Inferring the properties of a neutron star or boson star from its mass-versus-radius curve is the inverse of the usual "forward" approach of solving the stellar structure equations with the equation of state / scalar potential to compute this curve. By parameterizing a wide class of equations of state and scalar potentials, we plan to train neural networks to predict these properties from a given mass-versus-radius curve. The question of distinguishability can then be investigated directly by studying the resulting networks and their predictions.

We will first generate thousands of examples of mass-versus-radius curves corresponding to a range of neutron-star equations of state and boson-star scalar potentials by solving the Tolman-Oppenheimer-Volkoff (TOV) equations, a system of ODEs that describe the structure of these stars. We will rely on two open-source TOV solver packages for this step, though we also plan investigate a fast, GPU-enabled TOV solver written by a current graduate student at Princeton. We will then train and test neural networks that, given a mass-versus-radius curve, will predict the underlying equation of state or scalar potential that gave rise to it. The infrastructure developed in the course of this project will support future exploration of the primary scientific questions of neutron/boson star distinguishability.

A previous student worked briefly on this problem and produced an initial implementation that handles a severely limited range of mass-versus-radius curves and runs on a single processor. For this project, we will need to scale both production of mass-versus-radius curves and neural network training/inference to HPC platforms. We anticipate using PyTorch for the machine-learning aspects of the project.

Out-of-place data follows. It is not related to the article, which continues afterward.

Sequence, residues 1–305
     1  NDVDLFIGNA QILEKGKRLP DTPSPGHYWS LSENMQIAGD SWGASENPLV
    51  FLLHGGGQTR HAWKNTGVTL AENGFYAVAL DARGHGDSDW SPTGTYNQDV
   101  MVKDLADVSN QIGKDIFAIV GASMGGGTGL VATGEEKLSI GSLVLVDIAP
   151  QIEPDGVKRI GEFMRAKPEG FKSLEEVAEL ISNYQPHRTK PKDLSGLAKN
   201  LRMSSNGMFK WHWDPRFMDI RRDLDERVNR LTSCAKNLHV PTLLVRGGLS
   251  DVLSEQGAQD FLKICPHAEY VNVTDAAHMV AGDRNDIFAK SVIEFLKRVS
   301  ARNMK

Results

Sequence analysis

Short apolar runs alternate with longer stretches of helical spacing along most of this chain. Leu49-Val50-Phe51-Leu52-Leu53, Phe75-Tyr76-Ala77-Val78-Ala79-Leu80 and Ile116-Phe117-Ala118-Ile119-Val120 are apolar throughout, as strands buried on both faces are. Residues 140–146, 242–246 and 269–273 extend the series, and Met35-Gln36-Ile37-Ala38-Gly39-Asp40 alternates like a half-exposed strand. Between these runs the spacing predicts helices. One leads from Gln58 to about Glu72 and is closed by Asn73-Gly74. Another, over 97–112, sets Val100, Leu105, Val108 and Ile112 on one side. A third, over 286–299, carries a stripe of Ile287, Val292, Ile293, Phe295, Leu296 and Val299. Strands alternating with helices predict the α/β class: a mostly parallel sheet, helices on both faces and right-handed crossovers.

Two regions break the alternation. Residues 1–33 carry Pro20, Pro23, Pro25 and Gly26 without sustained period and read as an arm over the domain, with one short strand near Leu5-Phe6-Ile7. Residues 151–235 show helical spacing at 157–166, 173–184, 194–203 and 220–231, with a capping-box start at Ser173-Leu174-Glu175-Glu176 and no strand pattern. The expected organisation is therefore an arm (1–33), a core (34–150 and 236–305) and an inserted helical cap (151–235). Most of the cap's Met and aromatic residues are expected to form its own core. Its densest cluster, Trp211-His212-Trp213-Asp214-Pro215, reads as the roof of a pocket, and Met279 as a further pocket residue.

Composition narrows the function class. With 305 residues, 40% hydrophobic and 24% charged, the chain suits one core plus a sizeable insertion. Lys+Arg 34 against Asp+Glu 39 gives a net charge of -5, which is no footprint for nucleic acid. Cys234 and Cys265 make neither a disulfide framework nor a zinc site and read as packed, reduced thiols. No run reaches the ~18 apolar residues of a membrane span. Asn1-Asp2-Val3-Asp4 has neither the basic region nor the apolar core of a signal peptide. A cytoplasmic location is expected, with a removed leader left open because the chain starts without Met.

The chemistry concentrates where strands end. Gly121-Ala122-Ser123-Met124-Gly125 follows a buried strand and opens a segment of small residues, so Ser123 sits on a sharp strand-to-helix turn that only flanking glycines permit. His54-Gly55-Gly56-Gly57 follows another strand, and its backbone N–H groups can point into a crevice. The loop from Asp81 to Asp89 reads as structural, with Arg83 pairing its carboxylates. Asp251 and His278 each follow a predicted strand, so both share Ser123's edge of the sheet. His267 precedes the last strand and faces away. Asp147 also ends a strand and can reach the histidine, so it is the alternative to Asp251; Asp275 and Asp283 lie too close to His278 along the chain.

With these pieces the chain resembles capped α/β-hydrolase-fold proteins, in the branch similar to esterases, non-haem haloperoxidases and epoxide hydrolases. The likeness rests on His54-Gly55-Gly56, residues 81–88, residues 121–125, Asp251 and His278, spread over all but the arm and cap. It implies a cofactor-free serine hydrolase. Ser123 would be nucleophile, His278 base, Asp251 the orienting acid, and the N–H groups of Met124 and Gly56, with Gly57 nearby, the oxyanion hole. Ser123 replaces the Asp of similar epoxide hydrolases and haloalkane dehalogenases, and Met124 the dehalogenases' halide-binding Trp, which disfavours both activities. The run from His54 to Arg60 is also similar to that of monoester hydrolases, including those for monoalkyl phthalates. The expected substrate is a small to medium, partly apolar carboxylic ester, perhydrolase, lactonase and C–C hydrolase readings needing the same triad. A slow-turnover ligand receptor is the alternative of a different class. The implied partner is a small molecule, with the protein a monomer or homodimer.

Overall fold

Inferring the properties of a neutron star or boson star from its mass-versus-radius curve is the inverse of the usual "forward" approach of solving the stellar structure equations with the equation of state / scalar potential to compute this curve. By parameterizing a wide class of equations of state and scalar potentials, we plan to train neural networks to predict these properties from a given mass-versus-radius curve. The question of distinguishability can then be investigated directly by studying the resulting networks and their predictions.

We will first generate thousands of examples of mass-versus-radius curves corresponding to a range of neutron-star equations of state and boson-star scalar potentials by solving the Tolman-Oppenheimer-Volkoff (TOV) equations, a system of ODEs that describe the structure of these stars. We will rely on two open-source TOV solver packages for this step, though we also plan investigate a fast, GPU-enabled TOV solver written by a current graduate student at Princeton. We will then train and test neural networks that, given a mass-versus-radius curve, will predict the underlying equation of state or scalar potential that gave rise to it. The infrastructure developed in the course of this project will support future exploration of the primary scientific questions of neutron/boson star distinguishability.

A previous student worked briefly on this problem and produced an initial implementation that handles a severely limited range of mass-versus-radius curves and runs on a single processor. For this project, we will need to scale both production of mass-versus-radius curves and neural network training/inference to HPC platforms. We anticipate using PyTorch for the machine-learning aspects of the project.